I stumbled across it and I saw it in a showcase. I couldn't recognize it. It looks like it's a way to tie fixed loops in the middle of a rope.

enter image description here enter image description here

  • 1
    Looks like something an art student would tie, aka a granny knot.
    – ShemSeger
    Jan 19, 2015 at 23:21
  • I also considered that it could be a decorative knot, but I wanted to share so to be sure (or to discover something new).
    – Dakatine
    Jan 19, 2015 at 23:29
  • Hard to tell from these photos, but it most closely resembles a buntline hitch. And they don't all appear to be tied the same way either.
    – montane
    Jan 20, 2015 at 2:59
  • It looks like the lines first had an overhand knot tied in them, the tail end was wrapped around the bar then fed back through the knot and tied off with a half hitch.
    – ShemSeger
    Jan 20, 2015 at 5:03
  • I got bored and recreated the second picture in your question. It's a slip knot for sure, see the picture in my edited answer below.
    – ShemSeger
    Feb 1, 2015 at 6:25

2 Answers 2


Slip knot

It's undoubtably a slip knot that's been tied off with a half hitch. some of the knots look different because some are tied off right-handed while others are left-handed. Compare the image below to the second image in the question:

enter image description here

I think I even know why that knot was used in that display case too. Whoever made that display and tied the knot is obviously artsy or crafty, and probably crochets. When you start a crochet you tie of your yarn to the hook with a slip knot.

Imagine the picture below with the tail end tied off with a half hitch:

enter image description here

I don't know what's being hung in the display case, but the same person probably pre tied the overhand knot in the rope to mark how high to hang whatever it is they're hanging, then wrapped the tail end around the bar, fed it through the over hand knot, snugged it up the the bar then quickly tied off the tail with a half hitch.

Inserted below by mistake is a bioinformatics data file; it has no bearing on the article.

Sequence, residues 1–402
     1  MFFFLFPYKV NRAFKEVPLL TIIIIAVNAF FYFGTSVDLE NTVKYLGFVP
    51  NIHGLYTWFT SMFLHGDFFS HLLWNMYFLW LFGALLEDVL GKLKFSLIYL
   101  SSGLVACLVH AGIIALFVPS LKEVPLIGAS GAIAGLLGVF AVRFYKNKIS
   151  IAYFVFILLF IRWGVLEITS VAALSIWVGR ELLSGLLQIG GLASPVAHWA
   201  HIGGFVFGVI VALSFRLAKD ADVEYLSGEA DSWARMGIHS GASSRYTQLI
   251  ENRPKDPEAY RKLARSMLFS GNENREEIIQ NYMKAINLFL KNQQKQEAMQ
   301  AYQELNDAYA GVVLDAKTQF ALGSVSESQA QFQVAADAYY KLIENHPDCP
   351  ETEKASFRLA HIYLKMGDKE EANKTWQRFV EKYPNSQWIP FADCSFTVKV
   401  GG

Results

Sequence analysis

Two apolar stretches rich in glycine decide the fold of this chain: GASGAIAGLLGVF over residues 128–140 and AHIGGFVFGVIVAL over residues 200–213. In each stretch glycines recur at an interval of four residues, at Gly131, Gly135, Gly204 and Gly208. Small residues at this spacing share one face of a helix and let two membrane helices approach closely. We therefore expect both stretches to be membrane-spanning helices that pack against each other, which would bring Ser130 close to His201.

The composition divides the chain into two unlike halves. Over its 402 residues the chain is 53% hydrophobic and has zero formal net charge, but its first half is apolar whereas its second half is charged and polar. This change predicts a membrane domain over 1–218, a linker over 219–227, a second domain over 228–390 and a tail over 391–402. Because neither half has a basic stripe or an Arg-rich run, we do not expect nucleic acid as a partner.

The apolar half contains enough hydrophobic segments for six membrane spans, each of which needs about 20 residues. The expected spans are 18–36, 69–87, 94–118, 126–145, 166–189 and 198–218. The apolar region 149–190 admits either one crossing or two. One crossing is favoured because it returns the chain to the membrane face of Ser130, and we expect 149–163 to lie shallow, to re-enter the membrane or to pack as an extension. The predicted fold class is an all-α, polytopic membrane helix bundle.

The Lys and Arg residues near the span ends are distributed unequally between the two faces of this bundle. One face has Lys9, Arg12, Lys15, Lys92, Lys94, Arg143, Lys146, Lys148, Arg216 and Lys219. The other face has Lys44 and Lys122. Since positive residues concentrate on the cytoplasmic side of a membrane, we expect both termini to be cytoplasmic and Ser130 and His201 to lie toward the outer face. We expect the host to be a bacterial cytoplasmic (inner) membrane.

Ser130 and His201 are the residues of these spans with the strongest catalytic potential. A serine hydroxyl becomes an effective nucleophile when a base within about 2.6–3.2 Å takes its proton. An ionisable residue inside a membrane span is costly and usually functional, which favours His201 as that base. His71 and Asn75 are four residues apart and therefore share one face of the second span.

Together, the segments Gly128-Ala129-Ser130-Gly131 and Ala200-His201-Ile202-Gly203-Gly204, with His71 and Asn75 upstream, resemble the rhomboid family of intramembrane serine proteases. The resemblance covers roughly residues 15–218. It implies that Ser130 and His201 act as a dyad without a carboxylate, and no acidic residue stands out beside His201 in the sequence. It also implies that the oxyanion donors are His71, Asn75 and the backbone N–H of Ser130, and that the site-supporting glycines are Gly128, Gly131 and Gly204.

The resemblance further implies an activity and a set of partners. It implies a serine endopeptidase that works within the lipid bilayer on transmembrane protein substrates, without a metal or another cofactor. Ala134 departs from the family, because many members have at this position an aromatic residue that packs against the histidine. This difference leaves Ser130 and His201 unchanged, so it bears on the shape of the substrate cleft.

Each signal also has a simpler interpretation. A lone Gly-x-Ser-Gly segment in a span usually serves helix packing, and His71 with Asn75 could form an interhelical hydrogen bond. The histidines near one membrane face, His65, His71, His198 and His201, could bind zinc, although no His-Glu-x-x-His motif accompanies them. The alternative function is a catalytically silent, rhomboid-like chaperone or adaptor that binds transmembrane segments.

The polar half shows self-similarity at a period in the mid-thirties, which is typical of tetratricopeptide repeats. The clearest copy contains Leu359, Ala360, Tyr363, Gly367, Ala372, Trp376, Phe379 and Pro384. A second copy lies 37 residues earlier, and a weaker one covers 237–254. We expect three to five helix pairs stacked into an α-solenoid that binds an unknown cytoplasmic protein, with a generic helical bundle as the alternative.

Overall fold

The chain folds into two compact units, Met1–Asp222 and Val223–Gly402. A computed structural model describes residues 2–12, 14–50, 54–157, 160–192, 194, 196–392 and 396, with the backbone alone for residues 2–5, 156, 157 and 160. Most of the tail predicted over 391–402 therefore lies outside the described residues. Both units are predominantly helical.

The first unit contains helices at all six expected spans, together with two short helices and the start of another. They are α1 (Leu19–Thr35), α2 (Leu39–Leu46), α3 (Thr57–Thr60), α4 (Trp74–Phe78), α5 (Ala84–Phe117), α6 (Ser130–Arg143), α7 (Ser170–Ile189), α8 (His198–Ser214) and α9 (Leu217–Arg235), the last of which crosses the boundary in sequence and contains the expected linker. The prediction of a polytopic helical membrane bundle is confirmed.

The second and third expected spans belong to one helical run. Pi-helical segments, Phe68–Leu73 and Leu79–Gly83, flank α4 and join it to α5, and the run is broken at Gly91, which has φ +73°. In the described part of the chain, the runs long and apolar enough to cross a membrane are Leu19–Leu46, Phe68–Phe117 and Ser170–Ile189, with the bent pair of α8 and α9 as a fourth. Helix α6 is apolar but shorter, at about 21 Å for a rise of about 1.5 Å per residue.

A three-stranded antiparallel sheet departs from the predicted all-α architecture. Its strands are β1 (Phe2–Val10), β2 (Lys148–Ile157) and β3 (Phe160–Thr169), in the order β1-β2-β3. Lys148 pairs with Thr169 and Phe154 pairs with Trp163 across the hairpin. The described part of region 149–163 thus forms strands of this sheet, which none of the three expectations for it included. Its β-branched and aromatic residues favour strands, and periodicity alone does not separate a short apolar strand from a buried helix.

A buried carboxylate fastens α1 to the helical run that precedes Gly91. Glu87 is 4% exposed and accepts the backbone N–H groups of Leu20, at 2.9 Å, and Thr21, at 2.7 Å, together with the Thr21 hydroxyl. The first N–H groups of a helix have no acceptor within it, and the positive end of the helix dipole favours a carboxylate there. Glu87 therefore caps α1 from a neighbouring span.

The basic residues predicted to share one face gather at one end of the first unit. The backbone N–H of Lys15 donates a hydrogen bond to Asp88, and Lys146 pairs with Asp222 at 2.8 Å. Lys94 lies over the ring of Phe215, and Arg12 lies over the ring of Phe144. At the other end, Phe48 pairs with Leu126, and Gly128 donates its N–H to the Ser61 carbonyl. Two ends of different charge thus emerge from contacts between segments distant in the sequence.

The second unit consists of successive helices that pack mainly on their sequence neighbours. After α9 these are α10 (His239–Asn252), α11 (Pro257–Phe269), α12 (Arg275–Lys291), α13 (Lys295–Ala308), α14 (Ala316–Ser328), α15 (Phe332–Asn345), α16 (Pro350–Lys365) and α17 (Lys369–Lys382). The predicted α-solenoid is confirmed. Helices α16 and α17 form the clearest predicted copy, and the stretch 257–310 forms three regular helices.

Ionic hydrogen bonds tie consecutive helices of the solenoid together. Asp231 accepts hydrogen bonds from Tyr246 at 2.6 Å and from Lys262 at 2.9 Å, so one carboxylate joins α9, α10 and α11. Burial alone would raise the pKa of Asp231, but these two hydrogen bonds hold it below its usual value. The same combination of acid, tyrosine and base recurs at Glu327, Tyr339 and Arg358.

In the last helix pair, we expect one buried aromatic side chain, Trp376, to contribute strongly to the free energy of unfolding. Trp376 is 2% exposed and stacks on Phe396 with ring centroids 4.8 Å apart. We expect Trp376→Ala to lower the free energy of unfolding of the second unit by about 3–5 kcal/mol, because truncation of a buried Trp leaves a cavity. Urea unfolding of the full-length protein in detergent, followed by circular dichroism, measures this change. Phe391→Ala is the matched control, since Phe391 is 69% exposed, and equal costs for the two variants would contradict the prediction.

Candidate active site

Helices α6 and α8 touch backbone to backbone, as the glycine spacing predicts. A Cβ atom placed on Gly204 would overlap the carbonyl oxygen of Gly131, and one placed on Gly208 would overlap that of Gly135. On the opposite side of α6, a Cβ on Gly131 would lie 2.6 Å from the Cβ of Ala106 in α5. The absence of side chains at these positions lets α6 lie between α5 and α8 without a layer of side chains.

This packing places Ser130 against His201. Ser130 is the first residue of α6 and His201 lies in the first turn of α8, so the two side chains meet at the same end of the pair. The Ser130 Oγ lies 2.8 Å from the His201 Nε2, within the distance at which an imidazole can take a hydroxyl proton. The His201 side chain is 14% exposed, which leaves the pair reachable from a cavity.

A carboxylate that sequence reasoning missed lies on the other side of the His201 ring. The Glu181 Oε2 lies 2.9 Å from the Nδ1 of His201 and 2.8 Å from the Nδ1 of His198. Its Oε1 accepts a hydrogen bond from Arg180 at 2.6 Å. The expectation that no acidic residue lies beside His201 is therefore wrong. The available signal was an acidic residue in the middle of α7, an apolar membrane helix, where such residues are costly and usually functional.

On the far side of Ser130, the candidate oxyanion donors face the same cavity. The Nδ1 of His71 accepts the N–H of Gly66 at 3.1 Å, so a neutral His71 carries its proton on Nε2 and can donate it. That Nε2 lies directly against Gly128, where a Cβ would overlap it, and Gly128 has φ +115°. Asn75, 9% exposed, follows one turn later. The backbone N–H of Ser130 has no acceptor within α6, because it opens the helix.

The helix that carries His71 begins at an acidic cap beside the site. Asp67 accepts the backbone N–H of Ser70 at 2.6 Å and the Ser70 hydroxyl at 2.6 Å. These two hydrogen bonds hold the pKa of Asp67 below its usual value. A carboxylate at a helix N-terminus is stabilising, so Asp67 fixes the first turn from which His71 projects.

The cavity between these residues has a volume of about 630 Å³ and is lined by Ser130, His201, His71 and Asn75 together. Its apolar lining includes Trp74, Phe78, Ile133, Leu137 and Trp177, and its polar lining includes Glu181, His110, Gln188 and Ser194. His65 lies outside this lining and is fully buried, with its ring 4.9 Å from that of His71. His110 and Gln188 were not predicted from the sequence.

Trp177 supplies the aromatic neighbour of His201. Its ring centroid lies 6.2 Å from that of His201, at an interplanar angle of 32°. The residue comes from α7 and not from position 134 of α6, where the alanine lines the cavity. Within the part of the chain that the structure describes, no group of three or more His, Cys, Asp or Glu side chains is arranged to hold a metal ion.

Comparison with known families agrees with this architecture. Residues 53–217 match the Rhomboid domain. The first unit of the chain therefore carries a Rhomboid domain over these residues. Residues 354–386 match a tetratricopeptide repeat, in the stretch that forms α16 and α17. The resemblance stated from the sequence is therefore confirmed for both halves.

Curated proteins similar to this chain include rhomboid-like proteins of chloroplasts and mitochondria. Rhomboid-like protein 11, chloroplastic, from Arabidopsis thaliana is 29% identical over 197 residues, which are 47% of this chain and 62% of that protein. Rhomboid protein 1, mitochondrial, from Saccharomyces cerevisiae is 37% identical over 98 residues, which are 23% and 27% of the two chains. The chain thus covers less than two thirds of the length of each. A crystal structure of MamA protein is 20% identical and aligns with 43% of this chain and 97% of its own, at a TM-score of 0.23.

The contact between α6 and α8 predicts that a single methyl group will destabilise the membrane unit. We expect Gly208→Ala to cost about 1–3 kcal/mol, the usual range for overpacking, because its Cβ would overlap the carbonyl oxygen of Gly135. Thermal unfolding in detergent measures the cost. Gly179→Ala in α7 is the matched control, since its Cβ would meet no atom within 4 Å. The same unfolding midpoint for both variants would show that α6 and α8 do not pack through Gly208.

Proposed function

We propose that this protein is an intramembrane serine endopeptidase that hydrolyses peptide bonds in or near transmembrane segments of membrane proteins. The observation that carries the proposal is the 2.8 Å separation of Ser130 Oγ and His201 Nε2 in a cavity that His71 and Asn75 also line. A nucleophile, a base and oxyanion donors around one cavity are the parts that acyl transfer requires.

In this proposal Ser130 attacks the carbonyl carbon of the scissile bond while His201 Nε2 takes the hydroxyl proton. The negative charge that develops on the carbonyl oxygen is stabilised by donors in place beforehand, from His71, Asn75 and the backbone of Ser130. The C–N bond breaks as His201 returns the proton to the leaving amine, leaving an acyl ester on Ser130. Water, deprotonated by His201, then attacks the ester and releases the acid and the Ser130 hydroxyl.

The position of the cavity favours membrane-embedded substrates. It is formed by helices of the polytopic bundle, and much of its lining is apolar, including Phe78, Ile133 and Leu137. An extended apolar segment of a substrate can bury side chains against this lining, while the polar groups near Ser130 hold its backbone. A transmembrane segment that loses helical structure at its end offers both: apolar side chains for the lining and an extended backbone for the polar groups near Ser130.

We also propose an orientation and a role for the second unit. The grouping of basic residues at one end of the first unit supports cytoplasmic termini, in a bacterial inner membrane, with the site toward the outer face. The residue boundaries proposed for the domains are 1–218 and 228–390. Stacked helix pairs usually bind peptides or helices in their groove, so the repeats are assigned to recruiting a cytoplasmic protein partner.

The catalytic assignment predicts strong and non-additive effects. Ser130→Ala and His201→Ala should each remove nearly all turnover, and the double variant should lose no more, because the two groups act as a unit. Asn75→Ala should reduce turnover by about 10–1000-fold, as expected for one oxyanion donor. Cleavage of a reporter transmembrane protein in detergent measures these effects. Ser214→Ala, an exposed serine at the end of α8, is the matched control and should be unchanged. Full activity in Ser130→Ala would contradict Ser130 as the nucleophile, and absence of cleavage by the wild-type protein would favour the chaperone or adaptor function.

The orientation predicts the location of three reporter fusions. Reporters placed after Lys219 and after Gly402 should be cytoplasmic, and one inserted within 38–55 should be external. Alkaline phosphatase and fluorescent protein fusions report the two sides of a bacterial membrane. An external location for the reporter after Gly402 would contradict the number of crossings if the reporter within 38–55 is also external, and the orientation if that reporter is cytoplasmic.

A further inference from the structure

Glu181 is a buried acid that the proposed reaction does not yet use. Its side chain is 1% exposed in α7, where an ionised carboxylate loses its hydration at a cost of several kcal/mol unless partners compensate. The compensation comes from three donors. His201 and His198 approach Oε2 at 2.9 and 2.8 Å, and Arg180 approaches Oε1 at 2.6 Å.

• I deleted my post after Ben Crowell pointed out that the small loops are outside the main loop. I visually recreated two different knots from the pictures and both times ended up with a slip knot with a half hitch. Good eye! I wasn't able to recreate it without threading the end through, though. Jan 26, 2015 at 19:03
  • This is an epic answer.
    – Dakatine
    Feb 1, 2015 at 6:46
  • I do not agree. To me it looks like a clove hitch tied such that the initial lead is inside the knot rather than on the outside. If I had written this post I would delete it. (I am not going to vote for it though, not important in this use of the knot.)
    – Willeke
    Apr 1, 2018 at 11:09
  • I like the idea of the pre-tied overhand for positioning. If it is some sort of installation that needs disassembly and re-assembly, leaving the overhands in as markers could be useful.
    – Dave X
    Nov 1, 2020 at 1:35

They are examples of a round turn and two half hitches. Sometimes known as an anchor hitch or a fisherman's hitch.


A Useful Boating Knot: A Round Turn and Two (or more) Half Hitches (ABOK # 1720, p 296) is useful for attaching a mooring line to a dock post or ring although probably less secure than the Anchor (Fisherman's) Hitch.

  • Similar is the Anchor bend en.wikipedia.org/wiki/Anchor_bend (but the first half hitch is passed under the turn).
    – Mapperz
    Jan 20, 2015 at 15:30
  • This looks similar to the knot Chris Mendez proposed. It's hard to tell from the photo, but I don't think it's the same knot.
    – user2169
    Jan 26, 2015 at 17:08

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